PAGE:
NASA Establishes Fresh Launch Objective for Starliner Spacecraft

The Starliner positioned on an Atlas V rocket at the Kennedy Space Center in Florida.
The Starliner positioned on an Atlas V rocket at the Kennedy Space Center in Florida.

Following the cancellation of the Boeing Space’s Starliner spacecraft launch on Saturday just moments before liftoff, NASA now aims to launch the vehicle on its inaugural manned mission at 10:52 a.m. ET on Wednesday, June 5.

United Launch Alliance’s (ULA) Atlas 5 rocket is set to carry NASA astronauts Butch Wilmore and Suni Williams aboard the Starliner from Space Launch Complex-41 at Cape Canaveral Space Force Station in Florida.

In an announcement made on Sunday, NASA revealed that ULA technicians and engineers spent the weekend evaluating the launchpad’s ground support equipment, which faced issues during Saturday’s countdown, leading to the postponement of the mission.

“The ULA team identified a problem with a single ground power supply in one of the three redundant chassis that supplies power to a subset of computer cards controlling various system functions, including the card responsible for the stable replenishment topping valves for the Centaur upper stage,” NASA stated. “All three of these chassis are necessary for the final phase of the launch countdown to ensure crew safety.”

To address the issue, the chassis containing the faulty ground power unit was removed, visually inspected, and replaced with a spare chassis, NASA reported, mentioning that no physical damage was observed. The space agency indicated that a comprehensive failure analysis of the power unit will be conducted to ascertain the root cause of the incident. It also confirmed that all hardware is functioning as expected following functional tests of the new chassis and cards.

The U.S. Space Force’s 45th Weather Squadron forecasts a 90% chance of favorable weather conditions for Wednesday’s launch. In case the launch does not proceed on that day for any reason, there will be another opportunity for liftoff the next day.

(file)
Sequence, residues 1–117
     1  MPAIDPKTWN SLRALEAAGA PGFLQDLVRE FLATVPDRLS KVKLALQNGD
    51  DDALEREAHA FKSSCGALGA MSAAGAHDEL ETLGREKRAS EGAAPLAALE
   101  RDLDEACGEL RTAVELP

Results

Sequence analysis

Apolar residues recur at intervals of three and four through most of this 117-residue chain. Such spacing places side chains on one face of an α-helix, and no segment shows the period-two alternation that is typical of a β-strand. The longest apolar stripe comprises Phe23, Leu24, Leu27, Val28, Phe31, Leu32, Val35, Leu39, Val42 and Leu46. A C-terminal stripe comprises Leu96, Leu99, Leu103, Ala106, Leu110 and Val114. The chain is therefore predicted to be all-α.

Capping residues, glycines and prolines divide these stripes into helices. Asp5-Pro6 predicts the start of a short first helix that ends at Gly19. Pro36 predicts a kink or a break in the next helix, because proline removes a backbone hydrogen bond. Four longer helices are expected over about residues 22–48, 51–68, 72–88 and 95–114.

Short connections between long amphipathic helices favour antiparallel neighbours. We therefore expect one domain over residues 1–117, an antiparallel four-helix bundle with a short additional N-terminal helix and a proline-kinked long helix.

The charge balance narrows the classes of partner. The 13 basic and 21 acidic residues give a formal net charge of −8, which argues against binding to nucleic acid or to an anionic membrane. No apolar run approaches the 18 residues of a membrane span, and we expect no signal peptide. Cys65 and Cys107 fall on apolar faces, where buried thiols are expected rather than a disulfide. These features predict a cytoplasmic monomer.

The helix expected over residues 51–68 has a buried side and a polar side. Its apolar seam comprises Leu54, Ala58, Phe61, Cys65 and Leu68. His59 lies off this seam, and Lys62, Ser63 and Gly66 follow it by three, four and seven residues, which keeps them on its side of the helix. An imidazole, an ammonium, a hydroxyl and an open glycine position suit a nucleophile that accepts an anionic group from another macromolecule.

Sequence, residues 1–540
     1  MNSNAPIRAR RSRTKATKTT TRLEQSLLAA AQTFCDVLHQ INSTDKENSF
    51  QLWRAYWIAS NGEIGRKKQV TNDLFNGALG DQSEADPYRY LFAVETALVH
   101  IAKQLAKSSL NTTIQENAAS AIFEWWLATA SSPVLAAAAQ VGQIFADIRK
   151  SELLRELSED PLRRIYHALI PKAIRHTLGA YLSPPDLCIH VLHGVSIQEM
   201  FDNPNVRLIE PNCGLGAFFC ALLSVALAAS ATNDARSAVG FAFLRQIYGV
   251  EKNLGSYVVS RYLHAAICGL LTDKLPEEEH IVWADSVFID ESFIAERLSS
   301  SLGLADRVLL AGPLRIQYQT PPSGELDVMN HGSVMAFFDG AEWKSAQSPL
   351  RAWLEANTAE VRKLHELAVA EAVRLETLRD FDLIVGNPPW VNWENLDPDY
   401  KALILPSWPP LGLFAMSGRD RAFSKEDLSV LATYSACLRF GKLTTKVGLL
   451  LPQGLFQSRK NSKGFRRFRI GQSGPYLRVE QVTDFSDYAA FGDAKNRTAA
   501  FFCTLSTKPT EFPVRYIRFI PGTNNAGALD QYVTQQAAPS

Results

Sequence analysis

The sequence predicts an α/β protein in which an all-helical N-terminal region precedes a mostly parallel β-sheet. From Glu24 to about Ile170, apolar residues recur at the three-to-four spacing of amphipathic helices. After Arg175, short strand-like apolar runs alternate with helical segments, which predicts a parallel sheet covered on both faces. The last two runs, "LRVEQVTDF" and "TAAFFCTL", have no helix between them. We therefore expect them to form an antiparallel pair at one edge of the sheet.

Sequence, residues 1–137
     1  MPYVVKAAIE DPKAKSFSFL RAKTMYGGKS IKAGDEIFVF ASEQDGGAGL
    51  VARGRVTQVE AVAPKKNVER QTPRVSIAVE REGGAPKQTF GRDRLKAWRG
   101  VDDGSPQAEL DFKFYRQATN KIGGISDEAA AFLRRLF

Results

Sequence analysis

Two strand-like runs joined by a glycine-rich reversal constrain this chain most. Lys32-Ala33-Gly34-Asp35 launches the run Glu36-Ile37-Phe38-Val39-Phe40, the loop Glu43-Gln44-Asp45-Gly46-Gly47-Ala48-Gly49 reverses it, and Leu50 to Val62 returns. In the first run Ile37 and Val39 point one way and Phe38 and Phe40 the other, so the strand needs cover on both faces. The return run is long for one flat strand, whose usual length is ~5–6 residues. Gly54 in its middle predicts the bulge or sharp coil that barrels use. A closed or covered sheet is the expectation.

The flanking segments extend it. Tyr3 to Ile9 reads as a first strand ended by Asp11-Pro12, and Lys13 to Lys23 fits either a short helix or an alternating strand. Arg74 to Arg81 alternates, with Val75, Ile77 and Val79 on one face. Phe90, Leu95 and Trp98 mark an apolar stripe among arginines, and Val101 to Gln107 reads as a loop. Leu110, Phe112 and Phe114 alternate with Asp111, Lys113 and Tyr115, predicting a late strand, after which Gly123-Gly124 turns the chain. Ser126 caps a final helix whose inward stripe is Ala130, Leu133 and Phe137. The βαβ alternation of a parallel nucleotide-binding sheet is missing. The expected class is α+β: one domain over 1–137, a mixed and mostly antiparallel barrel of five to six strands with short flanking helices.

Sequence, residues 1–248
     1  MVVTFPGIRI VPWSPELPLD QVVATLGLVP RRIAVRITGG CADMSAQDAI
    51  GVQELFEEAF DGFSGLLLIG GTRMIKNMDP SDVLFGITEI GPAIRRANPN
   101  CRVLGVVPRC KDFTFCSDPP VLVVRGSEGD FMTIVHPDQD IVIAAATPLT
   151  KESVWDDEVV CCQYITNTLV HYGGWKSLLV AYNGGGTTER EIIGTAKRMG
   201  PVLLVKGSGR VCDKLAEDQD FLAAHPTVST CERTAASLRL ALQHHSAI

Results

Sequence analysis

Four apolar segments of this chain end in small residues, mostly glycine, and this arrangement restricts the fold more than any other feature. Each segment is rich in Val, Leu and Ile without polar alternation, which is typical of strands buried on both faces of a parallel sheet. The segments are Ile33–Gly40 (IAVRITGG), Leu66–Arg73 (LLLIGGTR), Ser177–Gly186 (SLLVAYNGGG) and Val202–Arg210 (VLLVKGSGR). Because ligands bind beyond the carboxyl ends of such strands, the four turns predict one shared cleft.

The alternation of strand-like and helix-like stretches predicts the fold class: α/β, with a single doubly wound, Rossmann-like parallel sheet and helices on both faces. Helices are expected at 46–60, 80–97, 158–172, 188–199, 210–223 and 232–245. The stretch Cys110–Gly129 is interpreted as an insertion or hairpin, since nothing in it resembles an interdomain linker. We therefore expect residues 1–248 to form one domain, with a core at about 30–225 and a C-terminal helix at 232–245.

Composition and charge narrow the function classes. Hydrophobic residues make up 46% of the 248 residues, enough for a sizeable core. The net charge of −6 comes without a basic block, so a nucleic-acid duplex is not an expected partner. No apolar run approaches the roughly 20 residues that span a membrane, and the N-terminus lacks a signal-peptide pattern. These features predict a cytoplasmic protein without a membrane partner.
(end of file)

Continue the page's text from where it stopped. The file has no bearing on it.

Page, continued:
The objective is to transport the Starliner to the International Space Station (ISS). Wilmore and Williams are scheduled to spend a week there before returning home in the spacecraft through a parachute-assisted landing.

The Starliner has encountered numerous delays over the years, primarily due to technical challenges, and has undertaken two unmanned flights previously. The initial test in 2019 failed to reach the ISS, while the second mission in 2022 successfully docked with the orbital laboratory.

The first manned flight was initially planned for May 6, but a few hours before launch, engineers faced an issue with the Atlas V rocket. Subsequently, a helium leak was discovered on the Starliner, leading to further delays. Several other launch attempts have come and gone. NASA, Boeing Space, Wilmore, and Williams are all hopeful that the long-awaited mission will finally commence on Wednesday.

Refer to Digital Trends’ article for guidance on how to view the live stream of the launch.

Evan Brooks

Hey there! I'm Evan Brooks, a tech journalist based in New York City. With a knack for distilling complex industry jargon into engaging narratives, I've… More »

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